Park Visitor Health and Safety:
November 2, 2011
A Focus on Feeling-Good Guests
Amusement park officials want visitors not only to enjoy the rides and attractions but to feel safe as well. Many parks have Emergency Medical Technicians (EMTs) on staff as well as employees trained and certified as first responders who are there for sickness, injuries and heat-related issues.
Coney Island Park in Cincinnati, Ohio, welcomes more than 500,000 guests annually. The 77-acre park includes Sunlite Pool, which is the largest flat-surface pool in North America. The park maintains a Basic Life Saving, or BLS, first aid station on the premises and is less than one-half mile from a local hospital.
“We have policies and procedures for emergency and health situations,” said Mike Howard, vice president of Operations at Coney Island Park. “Along with the permanent first aid station, we also have a mobile station and four AED or mobile defibrillators. The lifeguard staff is first-responder trained and certified, and they know how to use oxygen and the defibrillators.”
As a former firefighter, Howard understands the importance of adhering to protocol in health emergencies. EMTs go over procedures with the guard staff, plus the procedures are reviewed often so if there are any questions about the procedures, they can be addressed.
Holiday World & Splashin’ Safari in Santa Claus, Ind., welcomes more than a million guests per year. With so many visitors coming through their gate, the park maintains strict safety and first aid policies.
“We have full time EMTs and FT certified first responders,” said Craig Koenig, director of Safety. “We are always looking at our procedures and making changes if needed. Our most common ailment is due to heat, but we stress prevention and offer our guests free soft drinks, water and Gatorade. The park has an oasis set up where guests can get drinks and shelter.”
In the Splashin’ Safari waterpark, there is a cooling station with rocking chairs, ice and liquids. First Aid staff can monitor vital signs and make arrangements for transportation to hospitals if need be. First aid protocols are reviewed often and the park has direct lines to local emergency rooms. Holiday World also has a medical doctor who serves as the park’s medical director and oversees emergency protocol and training.
“We also have eight defibrillators throughout the park and staff that is certified to use them,” Koenig noted. “We do not dispense over-the-counter medicines, but they are available for purchase. We take our guest’s safety and health very seriously, and as our park continues to grow, so must our attention to first aid and safety, because the chances of illness and injury increase with the greater number of guests.”
Waldameer & Water World in Erie, Pa., offers 32 rides and 11 waterslides on 45 acres. The family-run park, which has been in existence for about 115 years, has a first aid station in the waterpark area and the amusement park area. At the waterpark station, an EMT and first aid responder are on staff, and the first aid staff is trained to use the portable defibrillator. In the amusement park area station, the office staff is trained in first aid and a there is a nurse present as well.
“Safety is our number-one issue,” said Steve Gorman, president and general manager. “We want our guests to feel comfortable knowing that we can handle situations from someone being sick on a ride to heat exhaustion, which is probably our biggest health issue with park guests.”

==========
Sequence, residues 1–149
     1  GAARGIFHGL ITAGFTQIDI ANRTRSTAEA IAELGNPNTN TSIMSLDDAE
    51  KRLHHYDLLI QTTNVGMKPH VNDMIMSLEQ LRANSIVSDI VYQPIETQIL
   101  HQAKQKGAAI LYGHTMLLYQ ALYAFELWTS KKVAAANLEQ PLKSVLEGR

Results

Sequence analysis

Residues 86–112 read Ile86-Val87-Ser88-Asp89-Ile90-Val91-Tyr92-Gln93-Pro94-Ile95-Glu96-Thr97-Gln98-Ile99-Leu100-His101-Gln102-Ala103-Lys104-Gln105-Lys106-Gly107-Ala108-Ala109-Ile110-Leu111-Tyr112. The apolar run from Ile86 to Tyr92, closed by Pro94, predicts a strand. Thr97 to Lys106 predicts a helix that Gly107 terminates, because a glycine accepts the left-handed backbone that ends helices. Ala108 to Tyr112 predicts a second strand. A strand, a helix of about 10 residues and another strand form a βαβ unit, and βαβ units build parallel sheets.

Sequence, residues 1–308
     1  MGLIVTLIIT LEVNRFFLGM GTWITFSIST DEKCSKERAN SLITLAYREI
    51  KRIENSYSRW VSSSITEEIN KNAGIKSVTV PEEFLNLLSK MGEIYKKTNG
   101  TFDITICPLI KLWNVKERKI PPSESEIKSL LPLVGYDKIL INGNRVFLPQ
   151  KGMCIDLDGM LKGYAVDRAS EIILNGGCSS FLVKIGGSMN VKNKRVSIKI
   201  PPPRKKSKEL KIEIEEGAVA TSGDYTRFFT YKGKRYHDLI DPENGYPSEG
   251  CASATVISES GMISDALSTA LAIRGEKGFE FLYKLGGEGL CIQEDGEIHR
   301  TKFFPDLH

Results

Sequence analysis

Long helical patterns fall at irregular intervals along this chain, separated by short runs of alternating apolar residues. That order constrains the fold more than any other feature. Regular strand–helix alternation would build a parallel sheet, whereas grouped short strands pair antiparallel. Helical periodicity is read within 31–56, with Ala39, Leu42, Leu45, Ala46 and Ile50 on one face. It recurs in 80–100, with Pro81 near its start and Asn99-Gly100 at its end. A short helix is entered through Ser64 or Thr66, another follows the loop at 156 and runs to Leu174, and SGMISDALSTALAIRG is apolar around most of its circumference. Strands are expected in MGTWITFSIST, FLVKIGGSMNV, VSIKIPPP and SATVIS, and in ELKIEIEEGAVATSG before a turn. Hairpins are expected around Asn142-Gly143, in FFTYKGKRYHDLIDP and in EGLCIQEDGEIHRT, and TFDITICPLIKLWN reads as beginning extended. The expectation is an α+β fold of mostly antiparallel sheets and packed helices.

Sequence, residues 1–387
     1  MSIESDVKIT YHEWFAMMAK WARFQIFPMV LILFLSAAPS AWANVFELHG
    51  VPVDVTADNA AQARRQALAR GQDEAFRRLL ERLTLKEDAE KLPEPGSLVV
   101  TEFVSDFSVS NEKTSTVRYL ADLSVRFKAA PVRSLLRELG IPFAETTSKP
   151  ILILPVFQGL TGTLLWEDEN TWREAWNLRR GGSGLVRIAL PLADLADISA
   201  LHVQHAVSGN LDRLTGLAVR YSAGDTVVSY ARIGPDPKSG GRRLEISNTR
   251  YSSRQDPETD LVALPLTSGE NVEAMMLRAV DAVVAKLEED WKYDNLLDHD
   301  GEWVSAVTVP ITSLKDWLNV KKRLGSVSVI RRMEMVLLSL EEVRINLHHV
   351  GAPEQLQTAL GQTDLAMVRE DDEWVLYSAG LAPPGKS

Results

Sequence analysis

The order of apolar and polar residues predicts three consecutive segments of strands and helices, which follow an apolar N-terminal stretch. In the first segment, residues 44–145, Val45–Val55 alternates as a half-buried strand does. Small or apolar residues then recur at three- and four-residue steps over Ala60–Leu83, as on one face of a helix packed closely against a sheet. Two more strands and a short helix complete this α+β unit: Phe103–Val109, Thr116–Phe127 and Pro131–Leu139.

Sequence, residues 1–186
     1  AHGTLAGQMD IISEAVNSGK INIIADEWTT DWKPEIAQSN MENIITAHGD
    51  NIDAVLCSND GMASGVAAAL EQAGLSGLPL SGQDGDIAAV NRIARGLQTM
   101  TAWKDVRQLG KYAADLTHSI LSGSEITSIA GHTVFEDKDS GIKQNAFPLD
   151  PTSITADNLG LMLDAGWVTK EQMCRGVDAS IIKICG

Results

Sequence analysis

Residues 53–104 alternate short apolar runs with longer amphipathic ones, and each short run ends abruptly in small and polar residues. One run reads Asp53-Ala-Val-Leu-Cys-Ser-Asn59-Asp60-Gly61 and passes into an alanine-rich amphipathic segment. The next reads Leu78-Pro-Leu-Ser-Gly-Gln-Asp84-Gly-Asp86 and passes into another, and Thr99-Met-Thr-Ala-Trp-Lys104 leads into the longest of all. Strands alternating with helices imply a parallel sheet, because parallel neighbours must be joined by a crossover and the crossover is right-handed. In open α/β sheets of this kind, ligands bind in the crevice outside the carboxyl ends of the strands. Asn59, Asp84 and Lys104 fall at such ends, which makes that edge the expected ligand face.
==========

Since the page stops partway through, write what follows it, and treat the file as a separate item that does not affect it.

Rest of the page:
Waldameer also has a defibrillator on site and staff is trained and certified in its use as well as in CPR and first aid.
As Park Manager at Castles N’ Coasters Park in Phoenix, Ariz., Billy Anderson must oversee 230,000 guests per year. The park, which offers 18 attractions, provides basic first aid to guests in need.
“We keep band aids, ointments, sprays, eye wash, etc,” said Anderson. “We do dispense over-the-counter medications, if an adult asks for it or if a guardian or parent asks for it for a child.”
Castles N’ Coasters reviews its first aid and emergency policies monthly, and if any manager finds a fault or problem, it is discussed and resolved. The park’s supervisors, managers, first aid and customer service office employees are CPR and first aid certified by a third party company. The park does not keep defibrillators on site.
“We maintain a first aid office and if someone comes in with an injury or complaint and requests paramedics, we will call 911.”
As Security Manager at Lake Compounce in Bristol, Conn., Bill Leone knows the importance of being prepared. The oldest, continuously operating amusement park in North America, Lake Compounce is home to the largest waterpark in Connecticut. The park is one of eight theme parks and 11 waterparks operated by Newport Beach, Calif.-based Palace Entertainment.
“We have on-site EMTs who are subcontracted by the park from the local hospital,” Leone explained. “In the summer, we have three full-time EMTs and after the waterpark closes, we have two. It’s important that our guests know that their safety is a number-one priority with us.”
The most common health complaints from guests in the park are heat-related issues. Lake Compounce maintains a first aid station inside its waterpark with guards trained in first aid and the use of portable defibrillators.
“We do try and prevent heat-related problems. The park offers free water and soda to guests. We encourage them to drink frequently and stay hydrated.”
Although Lake Compounce’s staff does not hand out over-the-counter medication, the medicines are available for sale at the park gift shop. -